First Islamic party plans Senate push

Heath Aston - Political Correspondent

Australia’s first Islamic faith polit­ical party intends to field Senate candidates in all states and territ­ories at next year’s federal election and also contest upper house seats at state level.

The party, to be announced on Tuesday [today], will be known as the Aus­tralian Muslim Party, Fairfax Media can reveal. Founder Diaa Mohamed said there had never been a more critical time for the Muslim community to have a polit­ical voice in Australia.

As a devout Muslim, he said he would never condone the killing of innocents as seen on the streets of Paris and Beirut in the past week, but the Australian Muslim Party would also never support military action in a Muslim country in re­sponse to terrorism.

“I don’t think Islam is at war with the West, but Islamic coun­tries have been at war for many, many years,” he said. “Let’s look at how well [military intervention] has worked in the past. We invaded Afghanistan. That didn’t work out so well. We invaded Iraq and we’re in the mess we’re in there.

“Would I support something that has never worked in the past? No. It’s just never worked. Not for the Soviets in Afghanistan, not for the United States in Iraq. There’s a solution and it’s not invading some­one else’s land.”

He said the killings in Paris were “inexcusable” but drew a direct link between past foreign invasions in the Middle East and the spread of radical Islam, most recently by the Islamic State.

“From these guys’ perspective, they have had foreign fighters in their lands, their sons and daugh­ters being killed. It could send a few people to change their views and use religion as a justification,” he said.

Mr Mohamed, a 34-year-old businessman from western Sydney, founded a group called MyPeace aimed at improving rela­tions between Muslims and main­stream Australia.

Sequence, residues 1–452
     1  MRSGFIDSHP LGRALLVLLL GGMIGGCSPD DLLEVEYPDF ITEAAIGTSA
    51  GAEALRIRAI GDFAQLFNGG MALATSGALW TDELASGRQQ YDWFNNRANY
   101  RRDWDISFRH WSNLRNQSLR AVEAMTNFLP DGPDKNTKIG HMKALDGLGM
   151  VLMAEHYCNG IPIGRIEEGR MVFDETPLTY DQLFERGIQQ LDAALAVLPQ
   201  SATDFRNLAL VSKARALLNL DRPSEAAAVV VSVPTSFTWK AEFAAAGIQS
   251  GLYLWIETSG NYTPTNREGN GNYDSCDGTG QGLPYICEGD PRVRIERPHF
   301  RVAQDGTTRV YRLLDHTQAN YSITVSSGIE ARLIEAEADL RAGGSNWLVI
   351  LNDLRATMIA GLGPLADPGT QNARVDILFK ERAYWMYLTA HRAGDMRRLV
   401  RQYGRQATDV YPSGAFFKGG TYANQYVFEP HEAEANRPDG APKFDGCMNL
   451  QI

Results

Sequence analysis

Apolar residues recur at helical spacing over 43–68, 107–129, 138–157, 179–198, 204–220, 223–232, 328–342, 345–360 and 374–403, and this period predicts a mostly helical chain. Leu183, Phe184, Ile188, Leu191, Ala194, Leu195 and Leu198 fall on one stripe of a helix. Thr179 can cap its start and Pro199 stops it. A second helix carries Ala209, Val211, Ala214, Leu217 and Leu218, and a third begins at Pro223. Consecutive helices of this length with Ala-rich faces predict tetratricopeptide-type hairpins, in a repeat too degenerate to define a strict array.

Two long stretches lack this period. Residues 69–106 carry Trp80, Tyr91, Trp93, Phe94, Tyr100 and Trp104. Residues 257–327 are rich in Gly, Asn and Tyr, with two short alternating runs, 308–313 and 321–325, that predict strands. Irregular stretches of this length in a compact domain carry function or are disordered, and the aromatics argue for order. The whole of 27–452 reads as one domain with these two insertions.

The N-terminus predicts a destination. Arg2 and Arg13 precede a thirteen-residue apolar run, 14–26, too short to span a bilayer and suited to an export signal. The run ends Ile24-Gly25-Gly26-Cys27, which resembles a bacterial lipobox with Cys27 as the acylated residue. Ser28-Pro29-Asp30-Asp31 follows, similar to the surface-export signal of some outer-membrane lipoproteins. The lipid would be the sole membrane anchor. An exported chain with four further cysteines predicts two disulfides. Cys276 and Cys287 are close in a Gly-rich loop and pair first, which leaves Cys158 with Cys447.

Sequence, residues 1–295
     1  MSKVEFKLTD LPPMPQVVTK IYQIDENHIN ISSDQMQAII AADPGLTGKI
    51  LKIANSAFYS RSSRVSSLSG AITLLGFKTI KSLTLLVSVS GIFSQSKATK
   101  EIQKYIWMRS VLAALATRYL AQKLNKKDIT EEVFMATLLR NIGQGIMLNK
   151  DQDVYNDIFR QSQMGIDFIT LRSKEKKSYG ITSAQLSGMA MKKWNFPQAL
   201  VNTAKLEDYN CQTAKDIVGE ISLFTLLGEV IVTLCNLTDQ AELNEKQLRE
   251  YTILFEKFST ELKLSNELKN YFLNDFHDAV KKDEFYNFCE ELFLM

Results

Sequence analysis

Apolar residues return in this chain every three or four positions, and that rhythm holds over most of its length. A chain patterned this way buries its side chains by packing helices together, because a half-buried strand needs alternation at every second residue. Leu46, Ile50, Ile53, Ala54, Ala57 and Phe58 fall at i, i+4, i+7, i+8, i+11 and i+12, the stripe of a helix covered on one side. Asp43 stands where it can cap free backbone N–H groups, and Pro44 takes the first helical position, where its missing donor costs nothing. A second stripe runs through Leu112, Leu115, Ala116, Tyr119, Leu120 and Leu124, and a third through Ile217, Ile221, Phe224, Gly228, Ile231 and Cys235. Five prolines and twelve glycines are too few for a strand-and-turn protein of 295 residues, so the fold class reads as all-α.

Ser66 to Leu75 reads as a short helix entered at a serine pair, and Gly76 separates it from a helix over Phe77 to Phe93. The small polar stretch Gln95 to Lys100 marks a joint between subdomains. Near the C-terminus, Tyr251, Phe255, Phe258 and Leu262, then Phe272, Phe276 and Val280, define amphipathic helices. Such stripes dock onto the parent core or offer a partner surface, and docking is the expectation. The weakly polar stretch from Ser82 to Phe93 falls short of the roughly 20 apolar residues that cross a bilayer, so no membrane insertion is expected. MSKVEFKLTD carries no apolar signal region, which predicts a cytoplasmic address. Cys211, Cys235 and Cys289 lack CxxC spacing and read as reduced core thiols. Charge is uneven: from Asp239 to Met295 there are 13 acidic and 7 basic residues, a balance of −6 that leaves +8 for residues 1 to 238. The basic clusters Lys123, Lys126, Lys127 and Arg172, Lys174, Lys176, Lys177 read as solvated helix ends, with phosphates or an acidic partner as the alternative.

He was also behind controver­sial billboards erected in Sydney in 2011 that claimed “Jesus: a prophet of Islam”.

An unmarried father of a nine-year-old son, he formerly wor­shipped at Lakemba Mosque but now attends the Parramatta Mosque.

He said the establishment of the party was in part a reaction to the six anti-Islamic parties intending to stand for election, including the Australian Liberty Alliance, launched recently by controversial Dutch politician Geert Wilders, Rise Up and Nick Folkes’s Party for Freedom.

About 20 Party for Freedom supporters protested outside the Parramatta Mosque after the murder of New South Wales Police accountant Curtis Cheng last month.

Mr Mohamed said he had never met Mr Cheng’s 15-year-old killer, Farhad Jabar Khalil Mohammad, and had never heard any radical sentiment expressed at the mosque, which he described as a small “in and out” mosque used by professionals working in Parra­matta.

He has taken office space in Parramatta, where he and 20 vo­lunteers will seek to gain the 500 members needed to register a political party in time for the next federal election. He said an Austra­lian Muslim Party web site would go live on Tuesday [today].

Mr Mohamed said he had con­sulted imams and Christian bish­ops and priests on his intentions to form the party, saying non-Muslims were welcome as mem­bers. But he said senior Islamic clerics had advised him to “tread cautiously” in seeking representa­tion for Muslims in politics.

Dr Jamal Rili, a respected voice on moderate Islam, said he would encourage young Muslims to get involved with established parties such as Labor, the Liberals and the Greens but understood the com­pulsion to directly organise on be­half of Muslims.

Labor’s Ed Husic was the first Muslim MP elected to the federal Parliament, in 2010.

Mr Mohamed said some Muslim commentators used regularly by the media showed too much “ap­peasement” of the mainstream community.